Three years. A lot can change in three years, but a lot can also stay the same. Imagine what three years really means.
When we’re born, three years is an eternity. A child learns to walk, to talk, to feed themselves (though not always without creating a mess). Three years is old enough to know that when you play with fire, you get burned. Three years is enough time to know who and what is most important. Whether that be a caregiver, a fluffy object, or the calm sense of peace that sweeps them gently into dreamland.
It was three years ago that an overwhelming majority of UN members voted to adopt the Treaty on the Prohibition of Nuclear Weapons. The TPNW (or ban treaty) has helped the world think differently about nuclear weapons. It represents a shift from the protections under super-power shadows, to the fraught reality that no one is coming.
In three years, 38 countries have shown courageous leadership by making the ban treaty national law. They’ve sent their instruments of ratification to the UN Secretary General, and they’ve agree they will never play with this type of fire. They know our collective security is dependant on rational actions and rooted in a legal structure that benefits everyone, equally.
But, when you are fifty, like the nuclear non proliferation treaty (NPT), three years goes past in the blink of an eye. And for some members of that treaty, they’ve managed to regressed these last three years. Acting more like irrational toddlers than responsible states. They deploy new types of nuclear weapons. They go willingly into a new arms race. They blindly support the dismantling of the global arms control architecture. They blame others for their actions, just like a recalcitrant toddler.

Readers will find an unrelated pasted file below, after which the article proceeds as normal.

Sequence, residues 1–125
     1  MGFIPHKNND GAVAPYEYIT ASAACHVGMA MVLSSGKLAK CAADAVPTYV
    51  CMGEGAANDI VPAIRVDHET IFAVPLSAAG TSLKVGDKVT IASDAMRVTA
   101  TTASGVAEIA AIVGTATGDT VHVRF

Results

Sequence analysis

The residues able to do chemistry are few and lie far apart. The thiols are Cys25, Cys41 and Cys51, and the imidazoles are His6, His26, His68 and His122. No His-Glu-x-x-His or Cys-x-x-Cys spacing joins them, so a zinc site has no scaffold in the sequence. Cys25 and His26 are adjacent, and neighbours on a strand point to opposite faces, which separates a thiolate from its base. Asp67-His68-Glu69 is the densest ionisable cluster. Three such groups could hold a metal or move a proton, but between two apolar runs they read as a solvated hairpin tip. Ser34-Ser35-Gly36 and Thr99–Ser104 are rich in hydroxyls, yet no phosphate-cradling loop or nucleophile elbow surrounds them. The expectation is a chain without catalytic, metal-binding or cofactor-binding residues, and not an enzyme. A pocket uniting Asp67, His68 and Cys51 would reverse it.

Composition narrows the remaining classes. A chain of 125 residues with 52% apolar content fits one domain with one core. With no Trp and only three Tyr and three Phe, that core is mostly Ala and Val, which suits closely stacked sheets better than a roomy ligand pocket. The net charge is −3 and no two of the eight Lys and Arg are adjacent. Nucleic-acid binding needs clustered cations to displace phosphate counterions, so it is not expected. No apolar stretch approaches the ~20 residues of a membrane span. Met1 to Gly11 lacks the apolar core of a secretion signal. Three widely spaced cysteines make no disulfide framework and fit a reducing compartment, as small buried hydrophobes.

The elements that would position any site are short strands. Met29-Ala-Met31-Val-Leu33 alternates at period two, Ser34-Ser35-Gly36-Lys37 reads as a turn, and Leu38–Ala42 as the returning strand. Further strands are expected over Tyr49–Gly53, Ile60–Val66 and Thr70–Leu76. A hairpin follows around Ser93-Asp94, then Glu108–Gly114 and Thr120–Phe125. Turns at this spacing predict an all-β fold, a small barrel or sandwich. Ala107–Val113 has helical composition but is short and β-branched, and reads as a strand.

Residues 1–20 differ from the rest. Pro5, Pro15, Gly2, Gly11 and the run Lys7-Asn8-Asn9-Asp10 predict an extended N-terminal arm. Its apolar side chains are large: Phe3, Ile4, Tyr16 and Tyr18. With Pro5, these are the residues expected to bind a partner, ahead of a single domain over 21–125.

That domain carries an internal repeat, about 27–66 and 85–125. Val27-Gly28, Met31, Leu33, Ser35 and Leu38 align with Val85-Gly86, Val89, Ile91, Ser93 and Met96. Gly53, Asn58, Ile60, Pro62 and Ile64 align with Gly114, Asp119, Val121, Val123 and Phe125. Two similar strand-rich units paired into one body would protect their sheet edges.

The handful of nuclear armed and nuclear weapon supporter countries suggest that three years won’t be enough for them to join the masses in rejecting inherently inhumane weapons through the ban treaty, but give them time. They also know that the only way to protect themselves from nuclear weapons is to eliminate nuclear weapons completely. They know that accidents happen, and that the risks are increasing to dangerous levels. They’ve been stuck in the same circular rut for decades, and it just takes time until they nudge out of the loop and start moving forwards again.
Three years ago a new treaty was born. Since then, it’s grown and it will continue to grow- to entry-into-force and to the end of nuclear weapons. This young instrument of global security is changing the world, happy birthday ban treaty!